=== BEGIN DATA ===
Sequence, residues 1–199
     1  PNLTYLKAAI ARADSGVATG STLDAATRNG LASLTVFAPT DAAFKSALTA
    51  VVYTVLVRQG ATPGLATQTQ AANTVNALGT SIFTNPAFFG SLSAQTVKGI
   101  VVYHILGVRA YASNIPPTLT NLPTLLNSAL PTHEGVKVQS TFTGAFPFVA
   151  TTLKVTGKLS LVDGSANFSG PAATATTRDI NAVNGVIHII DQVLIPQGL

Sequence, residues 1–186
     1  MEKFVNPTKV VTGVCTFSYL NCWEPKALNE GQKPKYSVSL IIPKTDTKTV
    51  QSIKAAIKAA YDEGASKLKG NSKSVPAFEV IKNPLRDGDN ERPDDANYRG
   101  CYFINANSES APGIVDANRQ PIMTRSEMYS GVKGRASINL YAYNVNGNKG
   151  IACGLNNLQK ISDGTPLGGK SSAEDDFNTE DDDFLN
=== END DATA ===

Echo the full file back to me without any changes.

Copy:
Sequence, residues 1–199
     1  PNLTYLKAAI ARADSGVATG STLDAATRNG LASLTVFAPT DAAFKSALTA
    51  VVYTVLVRQG ATPGLATQTQ AANTVNALGT SIFTNPAFFG SLSAQTVKGI
   101  VVYHILGVRA YASNIPPTLT NLPTLLNSAL PTHEGVKVQS TFTGAFPFVA
   151  TTLKVTGKLS LVDGSANFSG PAATATTRDI NAVNGVIHII DQVLIPQGL

Sequence, residues 1–186
     1  MEKFVNPTKV VTGVCTFSYL NCWEPKALNE GQKPKYSVSL IIPKTDTKTV
    51  QSIKAAIKAA YDEGASKLKG NSKSVPAFEV IKNPLRDGDN ERPDDANYRG
   101  CYFINANSES APGIVDANRQ PIMTRSEMYS GVKGRASINL YAYNVNGNKG
   151  IACGLNNLQK ISDGTPLGGK SSAEDDFNTE DDDFLN